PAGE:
260 ERS MONOGRAPH INTERVENTIONAL PULMONOLOGY diameter of the stent, the higher the chance of mucus plugging. Frail patients or patients with recurrent laryngeal nerve palsy may be unable to generate a sufficient cough flow to clear secretions from their stent, even if the stent is not particularly long or narrow. Nebulised saline solution and chest physiotherapy may help prevent mucus accumulation in airway stents. Bacterial biofilms may form on stents [62] and increase the risk of mucus plugging. Bacterial colonisation of the stent may also cause halitosis, which can be problematic and require stent removal. Stent fracture and failure The human airways undergo constant movement and pressure changes during the respiratory cycle. Coughing increases the pressure applied on airway stents to the extreme and deforms them [63]. After undergoing such stress the metal can fatigue and fracture. Most stent fractures will occur after the stent has been in place for a prolonged period; hence, patients with benign airway disease and prolonged survival are at higher risk of stent fracture (figure 8) [64]. Airway tortuosity is also a risk factor for stent fracture [64]. Stent fracture is a dangerous complication as broken metal wires may perforate the airway and its adjacent structures. One must also keep in mind that partially covered SEMS that have been in place for prolonged periods of time may be difficult to remove, especially if fractured. To the best of our knowledge, silicone stents have never been reported to fracture. Surveillance All patients should receive appropriate follow-up by an interventional pulmonologist after stent placement, and carry with them a document stating that they have an airway stent in place and providing a phone number to contact in case of emergency. What constitutes an appropriate follow-up is not well established. MATSUO and COLT [65] demonstrated that routine surveillance bronchoscopy after silicone stent placement for benign or malignant Figure 8. Fracture of the tracheal branch of a MICRO-TECH Y-stent (MICRO-TECH, Düsseldorf, Germany)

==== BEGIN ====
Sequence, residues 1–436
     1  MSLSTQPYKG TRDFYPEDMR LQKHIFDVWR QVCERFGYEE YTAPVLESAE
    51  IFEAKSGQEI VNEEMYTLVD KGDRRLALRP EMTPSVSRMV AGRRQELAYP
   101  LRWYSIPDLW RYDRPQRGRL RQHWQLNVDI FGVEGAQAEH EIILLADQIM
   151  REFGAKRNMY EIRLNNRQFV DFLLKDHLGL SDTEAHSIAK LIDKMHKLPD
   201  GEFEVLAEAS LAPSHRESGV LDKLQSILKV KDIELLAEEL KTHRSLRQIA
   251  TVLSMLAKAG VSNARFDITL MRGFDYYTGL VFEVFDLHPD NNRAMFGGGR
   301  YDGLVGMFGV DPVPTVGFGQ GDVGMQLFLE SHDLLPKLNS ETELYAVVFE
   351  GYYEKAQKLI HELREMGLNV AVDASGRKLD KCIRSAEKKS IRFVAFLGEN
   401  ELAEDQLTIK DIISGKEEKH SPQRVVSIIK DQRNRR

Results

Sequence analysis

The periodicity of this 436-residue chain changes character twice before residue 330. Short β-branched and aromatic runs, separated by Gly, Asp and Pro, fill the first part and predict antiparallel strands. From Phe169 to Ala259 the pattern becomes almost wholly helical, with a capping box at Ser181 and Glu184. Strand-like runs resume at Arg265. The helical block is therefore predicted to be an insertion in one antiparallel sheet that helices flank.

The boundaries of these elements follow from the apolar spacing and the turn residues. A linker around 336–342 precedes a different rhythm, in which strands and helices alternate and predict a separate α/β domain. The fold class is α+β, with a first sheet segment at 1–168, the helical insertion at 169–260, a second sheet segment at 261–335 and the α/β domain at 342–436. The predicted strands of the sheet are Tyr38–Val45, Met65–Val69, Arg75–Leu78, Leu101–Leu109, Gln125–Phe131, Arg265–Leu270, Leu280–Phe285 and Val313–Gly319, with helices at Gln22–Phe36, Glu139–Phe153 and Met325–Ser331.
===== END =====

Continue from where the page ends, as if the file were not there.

261 AIRWAY STENTS M. FORTIN AND H. DUTAU tracheobronchial obstruction detected stent-related complications requiring intervention in only 5% of asymptomatic patients. It is important to understand that the goal of airway stenting is palliation of symptoms; hence, if the patient remains asymptomatic, it is not necessary to take any action. Exceptions to this rule are early signs of complication that may progress further in patients with benign airway disease and an expected prolonged survival. In this situation, it is probably more appropriate to address the complications early. However, patients need to be clinically re-evaluated to ensure that they have not developed new symptoms and require bronchoscopy. The schedule according to which patients should be followed is unclear. In Quebec, Canada, patients in our institute are followed up 2 4 weeks after stent placement and then every 3 months. It is also important to follow-up with patients with MAO as their airway obstruction may decrease after treatment and their airway stent may be removed. Conclusion Airway stents are a relatively new treatment option for a variety of benign and malignant airway diseases. Significant progress has been made over the last 30 years in the domain of airway stenting, but much remains to be explored. Drug-eluting stents, biodegradable stents and 3D printing of stents have emerged over the last decade as potential solutions for problems associated with airway stenting. Further work is needed to improve the understanding of the existing technology and obtain a better understanding of the limitations of this technology. Large trials of airway stenting are difficult to perform as individual centres perform a limited number of procedures; hence, future studies may require the collaboration of large centres with expertise in the domain of airway stenting. Collaboration with scientists from different domains of expertise will also be crucial to the development of interventional pulmonary medicine and airway stenting. The future of airway stenting promises to be interesting. With the advent of biodegradable, active and 3D printed stents the science of airway stenting has entered into a very promising phase of evolution. These evolutions are particularly relevant in the era of personalised medicine. Finally, remember that A stent is a foreign body and nobody is perfect, so the best stent remains the one that can be avoided. References 1. Bond C. T tube origin. Lancet 1891; 1: Trendelenburg F. Stent origin. Arch Chir 1872; 13: Rousseau H, Dahan M, Lauque D, et al. Self-expandable prostheses in the tracheobronchial tree. Radiology 1993; 188: Dumon J-F. A dedicated tracheobronchial stent. Chest 1990; 97: Dasgupta A, Dolmatch BL, Abi-Saleh WJ, et al. Self-expandable metallic airway stent insertion employing flexible bronchoscopy: preliminary results. Chest 1998; 114: Vergnon J-M, Thibout Y, Dutau H, et al. Is a stent required after the initial resection of an obstructive lung cancer? The lessons of the SPOC trial, the first randomized study in interventional bronchoscopy. Eur Respir J 2013; 42: P Gilmartin JJ, Veale D, Cooper BG, et al. Effects of laser treatment on respiratory function in malignant narrowing of the central airways. Thorax 1987; 42: Ost DE, Ernst A, Grosu HB, et al. Therapeutic bronchoscopy for malignant central airway obstruction: success rates and impact on dyspnea and quality of life. Chest 2015; 147: Dutau H, Musani AI, Plojoux J, et al. The use of self-expandable metallic stents in the airways in the adult population. Expert Rev Respir Med 2014; 8: